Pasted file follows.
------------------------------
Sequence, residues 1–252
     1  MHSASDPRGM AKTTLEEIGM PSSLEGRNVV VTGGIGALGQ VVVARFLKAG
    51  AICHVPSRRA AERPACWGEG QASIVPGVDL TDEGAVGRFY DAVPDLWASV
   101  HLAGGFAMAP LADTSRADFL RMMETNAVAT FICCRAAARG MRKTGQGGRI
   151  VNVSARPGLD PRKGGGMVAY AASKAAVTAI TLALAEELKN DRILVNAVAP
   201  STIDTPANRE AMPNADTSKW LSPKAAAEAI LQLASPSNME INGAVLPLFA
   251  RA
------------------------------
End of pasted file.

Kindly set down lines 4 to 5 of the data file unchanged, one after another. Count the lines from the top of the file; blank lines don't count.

   101  HLAGGFAMAP LADTSRADFL RMMETNAVAT FICCRAAARG MRKTGQGGRI
   151  VNVSARPGLD PRKGGGMVAY AASKAAVTAI TLALAEELKN DRILVNAVAP